Universal Breakfast Options: Breakfast in the Classroom and Grab ’N’ Go

Breakfast in the classroom allows students to eat together in the classroom at the start of the day. During the 10 to 15 minutes it takes for students to eat, teachers take attendance, gather homework and make announcements.

Grab ’N’ Go breakfasts are prepared breakfast bags that students pick up before or between class. This program allows for maximum flexibility for schools and students. Some set up carts for students as they get off the bus.

In 2011, the Partners for Breakfast in the Classroom—formed by the Food Research and Action Center, National Association of Elementary School Principals Foundation, National Education Council Health Information Network and the School Nutrition Foundation—launched a $3 million campaign funded by Walmart to promote breakfast in the classroom. In five participating school districts in Texas, Arkansas, Tennessee, Florida and Maryland, students benefit from universal breakfasts in the classroom. The success of such programs spurs other schools to adopt the model.

Lower participation and the importance of breakfast to learning has inspired efforts to raise awareness, decrease stigma and promote the program. The School Nutrition Association and General Mills created the “School Breakfast—Go for Gold” campaign, which culminated during National School Breakfast week in March 2012. The initiative highlights how eating a healthy, balanced breakfast at school helps students excel. The program also makes sense in a tight budget climate. Research by public-private partnership Hunger Free Minnesota showed the state was missing out on $48 million in breakfast reimbursement during the 2010-11 school year. By implementing universal breakfast options, they are closing the meal gap in the state and bringing in additional federal money.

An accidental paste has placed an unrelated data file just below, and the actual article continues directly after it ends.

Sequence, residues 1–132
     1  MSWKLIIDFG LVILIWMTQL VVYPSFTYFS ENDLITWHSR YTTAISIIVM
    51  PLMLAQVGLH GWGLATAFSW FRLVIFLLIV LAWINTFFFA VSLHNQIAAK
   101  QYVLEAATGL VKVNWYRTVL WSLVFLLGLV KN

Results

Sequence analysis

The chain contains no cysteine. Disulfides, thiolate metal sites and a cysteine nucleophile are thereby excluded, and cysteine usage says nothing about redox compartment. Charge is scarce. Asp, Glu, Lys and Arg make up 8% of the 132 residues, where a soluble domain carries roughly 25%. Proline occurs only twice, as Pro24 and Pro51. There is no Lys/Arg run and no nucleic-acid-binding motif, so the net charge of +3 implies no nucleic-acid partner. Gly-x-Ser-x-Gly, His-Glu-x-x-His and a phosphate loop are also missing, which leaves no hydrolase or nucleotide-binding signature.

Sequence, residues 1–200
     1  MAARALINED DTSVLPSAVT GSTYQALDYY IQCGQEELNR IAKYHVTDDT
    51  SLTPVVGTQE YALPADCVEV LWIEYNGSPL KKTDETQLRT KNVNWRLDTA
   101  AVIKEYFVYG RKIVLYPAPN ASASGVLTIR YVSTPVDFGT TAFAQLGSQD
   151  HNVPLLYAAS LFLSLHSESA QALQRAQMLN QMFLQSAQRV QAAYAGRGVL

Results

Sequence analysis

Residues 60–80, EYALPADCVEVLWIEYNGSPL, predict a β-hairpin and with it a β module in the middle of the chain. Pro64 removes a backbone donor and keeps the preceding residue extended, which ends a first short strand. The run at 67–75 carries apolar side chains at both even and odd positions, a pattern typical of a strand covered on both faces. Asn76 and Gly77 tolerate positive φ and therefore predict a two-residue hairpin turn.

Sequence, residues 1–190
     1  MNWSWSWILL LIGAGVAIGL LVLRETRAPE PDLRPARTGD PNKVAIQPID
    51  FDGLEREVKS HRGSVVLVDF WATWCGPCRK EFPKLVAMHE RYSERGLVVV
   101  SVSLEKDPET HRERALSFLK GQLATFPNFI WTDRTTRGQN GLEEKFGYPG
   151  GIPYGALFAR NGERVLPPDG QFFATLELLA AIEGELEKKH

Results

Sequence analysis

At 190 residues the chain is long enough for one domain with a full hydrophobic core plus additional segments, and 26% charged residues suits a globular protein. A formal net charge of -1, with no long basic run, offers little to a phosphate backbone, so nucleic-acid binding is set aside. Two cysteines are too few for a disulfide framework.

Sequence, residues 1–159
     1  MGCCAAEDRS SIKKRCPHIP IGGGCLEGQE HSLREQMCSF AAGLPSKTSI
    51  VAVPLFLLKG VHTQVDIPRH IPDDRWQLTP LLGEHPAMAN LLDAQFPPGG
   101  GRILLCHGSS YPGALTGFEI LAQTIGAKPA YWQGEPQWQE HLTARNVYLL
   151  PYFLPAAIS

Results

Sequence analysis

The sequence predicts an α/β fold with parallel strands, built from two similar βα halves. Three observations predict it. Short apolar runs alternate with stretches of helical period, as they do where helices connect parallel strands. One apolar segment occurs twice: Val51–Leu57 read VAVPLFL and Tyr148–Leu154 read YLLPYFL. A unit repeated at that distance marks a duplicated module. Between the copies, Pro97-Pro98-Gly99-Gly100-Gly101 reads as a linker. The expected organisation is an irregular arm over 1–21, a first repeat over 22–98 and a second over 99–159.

Role of State Legislators in School Breakfast

Many states have passed laws encouraging schools to participate in the program. Florida, West Virginia and  Maine among others require all schools to serve breakfast. Other states, such as  Illinois, Washington and Texas require schools with a certain percentage of students eligible for free or reduced price lunches to offer breakfast. Other states fund starting or expanding breakfast such as New Mexico, which paid for  universal breakfast at low-performing elementary schools.

Beyond passing legislation, legislators can also play the role of convener for concerned citizens, interested members of the business community, nonprofits and other community leaders. To learn more, visit the following resources and be in touch with NCSL’s Hunger Partnership to learn how to get involved in addressing hunger in the United States.




[1] Murphy JM. “Breakfast and Learning: An Updated Review.”
Journal of Current Nutrition and Food Science 2007; 3(1): 3-36.
[2] “Better Focus.” Long, Kate. April 9, 2012. The Charleston Gazette



Written by Angelynn Hermes | Bill Emerson National Hunger Fellow at NCSL, Washington, D.C.
NCSL Foundation for State Legislatures Hunger Partnership | August 2012